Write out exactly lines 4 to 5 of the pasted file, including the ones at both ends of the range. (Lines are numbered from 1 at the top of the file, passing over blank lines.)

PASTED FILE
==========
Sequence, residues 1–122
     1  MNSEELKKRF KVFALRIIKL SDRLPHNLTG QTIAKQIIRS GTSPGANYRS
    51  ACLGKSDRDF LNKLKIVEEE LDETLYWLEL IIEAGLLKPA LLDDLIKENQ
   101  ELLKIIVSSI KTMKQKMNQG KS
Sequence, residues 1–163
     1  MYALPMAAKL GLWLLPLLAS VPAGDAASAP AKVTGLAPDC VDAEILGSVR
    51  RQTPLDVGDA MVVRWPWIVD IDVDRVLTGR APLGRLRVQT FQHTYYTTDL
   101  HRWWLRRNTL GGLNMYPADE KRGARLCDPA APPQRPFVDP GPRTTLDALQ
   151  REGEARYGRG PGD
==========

   101  ELLKIIVSSI KTMKQKMNQG KS
Sequence, residues 1–163